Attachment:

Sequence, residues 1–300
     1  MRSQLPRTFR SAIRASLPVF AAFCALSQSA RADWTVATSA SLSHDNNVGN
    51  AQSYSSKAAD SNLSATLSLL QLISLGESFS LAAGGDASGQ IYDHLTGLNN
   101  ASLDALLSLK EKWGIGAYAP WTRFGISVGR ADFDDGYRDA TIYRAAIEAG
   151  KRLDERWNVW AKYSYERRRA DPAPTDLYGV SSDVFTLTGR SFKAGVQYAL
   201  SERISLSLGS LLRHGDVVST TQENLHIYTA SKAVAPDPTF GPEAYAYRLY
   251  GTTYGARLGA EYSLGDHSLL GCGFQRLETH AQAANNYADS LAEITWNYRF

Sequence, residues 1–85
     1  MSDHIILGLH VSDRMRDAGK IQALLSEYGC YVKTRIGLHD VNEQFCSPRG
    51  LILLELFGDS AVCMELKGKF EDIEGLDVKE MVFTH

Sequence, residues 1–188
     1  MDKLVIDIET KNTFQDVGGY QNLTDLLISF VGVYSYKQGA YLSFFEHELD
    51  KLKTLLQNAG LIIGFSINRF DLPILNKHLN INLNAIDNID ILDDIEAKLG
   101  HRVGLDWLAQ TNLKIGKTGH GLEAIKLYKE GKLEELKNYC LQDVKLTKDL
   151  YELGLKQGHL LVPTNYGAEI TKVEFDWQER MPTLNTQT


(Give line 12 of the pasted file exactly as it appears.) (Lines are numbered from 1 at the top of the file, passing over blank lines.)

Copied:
     1  MDKLVIDIET KNTFQDVGGY QNLTDLLISF VGVYSYKQGA YLSFFEHELD